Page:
Beautiful 1966 Mercedes Benz 230S. Finished in Mercedes Blue with Creme Beige Interior. 81,000 original miles. 3 Speed manual transmission. Runs and drives excellent. Recent service which includes Solex carbs rebuilt. Chrome is in excellent condition. This is a turnkey Mercedes and can be driven daily. In dash CD player. Tires have 70% tread life remaining. Perfect for any collector or enthusiast. Buy it now or make an offer. We are a licensed and bonded dealer in Southern California and all California residents will pay state Ssles Tax, license fees and a $75.00 Documentation Fee. We welcome all European and Canadian buyers. We ship worldwide and can assist with low cost shipping anywhere in the U.S. Thanks for looking.
The seller erred in stating that this car had a 3-speed manual. The 230S was available with either a 4-speed manual or 4-speed automatic transmission. This seems to be a solid runner, with decent cosmetics and just the right amount of patina in the right places. While the color isn’t my favorite and I’m not a fan of the aftermarket console under the dash, this is one of the better examples of a 230S that I’ve seen recently. Top notch examples will sometimes top $10,000 by just a little bit. The asking price for this car isn’t way out of line, but I’d probably target a price of somewhere closer to $7,500 to $8,000.
The car looks far to nice to have seen much hard off road use, but if you know your history then you would know that these Heckflosse Mercedes were quite capable rally cars, placing 1, 2, 3 in the Monte Carlo Rally right after their introduction. This 230 has had a lot of care in putting it to where it is now. It has a nice two tone paint jobs with unique beige with brown roof colors. Rally accessories include sway bars, Hella driving lights, questionably U.S. road legal French style yellow headlights, rally timers and a Tag Heuer stopwatch are inside.
The car has bids up to $5,000 and a Buy-It-Now price of $9,900. These aren’t particularly rare cars, though some engine and trim combos were limited production and command higher prices. This is a good looking car. I’ve included video of some vintage clips of fintails.
The below post originally appeared on our site October 25, 2012:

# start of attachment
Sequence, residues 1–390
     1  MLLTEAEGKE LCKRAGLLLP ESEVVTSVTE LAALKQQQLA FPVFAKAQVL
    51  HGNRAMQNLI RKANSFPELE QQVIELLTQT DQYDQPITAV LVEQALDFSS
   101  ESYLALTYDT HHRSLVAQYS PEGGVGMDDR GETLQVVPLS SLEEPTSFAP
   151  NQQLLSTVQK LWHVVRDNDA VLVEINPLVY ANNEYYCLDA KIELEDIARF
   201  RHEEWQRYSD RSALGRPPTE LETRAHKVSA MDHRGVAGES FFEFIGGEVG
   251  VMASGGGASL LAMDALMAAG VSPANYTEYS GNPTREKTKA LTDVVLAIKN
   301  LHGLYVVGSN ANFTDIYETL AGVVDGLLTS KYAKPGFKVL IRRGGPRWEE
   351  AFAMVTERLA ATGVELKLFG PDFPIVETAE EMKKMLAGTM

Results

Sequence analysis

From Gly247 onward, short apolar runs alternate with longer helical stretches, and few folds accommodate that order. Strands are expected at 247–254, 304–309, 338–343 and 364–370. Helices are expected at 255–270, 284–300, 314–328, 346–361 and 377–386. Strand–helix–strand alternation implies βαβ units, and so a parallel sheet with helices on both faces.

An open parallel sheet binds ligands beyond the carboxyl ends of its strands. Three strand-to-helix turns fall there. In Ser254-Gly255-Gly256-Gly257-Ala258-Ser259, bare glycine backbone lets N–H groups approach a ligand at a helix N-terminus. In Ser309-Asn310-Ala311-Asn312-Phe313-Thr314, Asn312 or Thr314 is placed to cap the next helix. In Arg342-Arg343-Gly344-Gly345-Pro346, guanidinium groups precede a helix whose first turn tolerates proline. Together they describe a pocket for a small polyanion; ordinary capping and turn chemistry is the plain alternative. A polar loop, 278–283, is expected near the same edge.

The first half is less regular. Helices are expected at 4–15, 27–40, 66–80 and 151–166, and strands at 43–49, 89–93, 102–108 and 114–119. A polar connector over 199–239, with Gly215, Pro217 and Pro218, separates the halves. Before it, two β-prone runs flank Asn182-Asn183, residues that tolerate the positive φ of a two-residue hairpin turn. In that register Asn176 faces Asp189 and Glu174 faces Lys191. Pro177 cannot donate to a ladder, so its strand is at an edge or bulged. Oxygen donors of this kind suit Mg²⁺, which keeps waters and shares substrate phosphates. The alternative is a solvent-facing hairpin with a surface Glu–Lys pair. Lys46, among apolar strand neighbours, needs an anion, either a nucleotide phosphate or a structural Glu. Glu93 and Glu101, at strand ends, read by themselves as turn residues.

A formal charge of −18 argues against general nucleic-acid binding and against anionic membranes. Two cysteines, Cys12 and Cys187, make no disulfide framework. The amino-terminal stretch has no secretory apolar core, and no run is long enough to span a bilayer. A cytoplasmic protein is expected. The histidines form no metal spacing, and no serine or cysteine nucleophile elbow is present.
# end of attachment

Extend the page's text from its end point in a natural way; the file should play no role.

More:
Towards the end of then 1960s, Mercedes-Benz finally laid the automotive fad that was the rear tailfin to rest. Never one to give into trends, it was rather surprising that the typically conservative company from Stuttgart would give in and feature such a bold styling cue. The W110 were the bread and butter midsize sedans for Mercedes through most of the decade. In 1965, the lineup was given a refresh that introduced the M180 2.3 liter inline six to the lineup that you see here in our feature car.
Not only was the W110 at the forefront of Mercedes-Benz’s crash testing efforts, but a few of the W110 and larger W111 Heckflosse models were successful in competition. One of the more notable events was the 1960 Rally Monte Carlo where a 220SE claimed first, second and third place, with first place awarded to Walter Schock and Rolf Moll. This 230 for sale in Illinois has been prepared for classic rallying, which seems a bit far fetched to the uninitiated. Those in the know, however, are aware just how tough and well suited for rallying these cars can be.
1967 Mercedes-Benz 230, W110. Fintail, Heckflosse. 2.3 liter inline 6 cylinder, complete tune-up with plugs and wires. Carbs are refurbished. New belts, new hoses. Complete repaint job two years ago, unique factory two tone paint. Front disc brakes, new front rotors, new front pads. Rear drums have been resurfaced. With new hoses all the way around, new brake booster with new spare. Reupholstered in Mercedes MB-tex, correct Becker stereo, has factory FM upgrade, new KYB Shocks front and rear. Vintage AMG factory sway bars. Sway bars were used in the 300SEL. 16″ OEM steel wheels & tires. Have the stock factory 14″ wheels. Factory hubcaps too. Upgraded headlights h4 (yellow). Hella driving lights, vintage factory trip meter for vintage rally events. Tag-Heuer Stop Watch (vintage). Dash clip used in vintage rally events. Amazing running and driving car, head turner.
After looking this car over, I’d smitten with it. But then again, I’m into offbeat rally machines. There are probably only two things I’d change, which would be the somewhat staid color scheme and of course, I’d prefer a 4-speed manual, whether it be a column or floor mounted shift. The seller is being realistic with the price here, as most late model 230s will range between $6,000 to $10,000 in good condition. With the added rally bits, not to mention the vintage Tag Heuer stopwatch, there are worse ways to spend $9,900.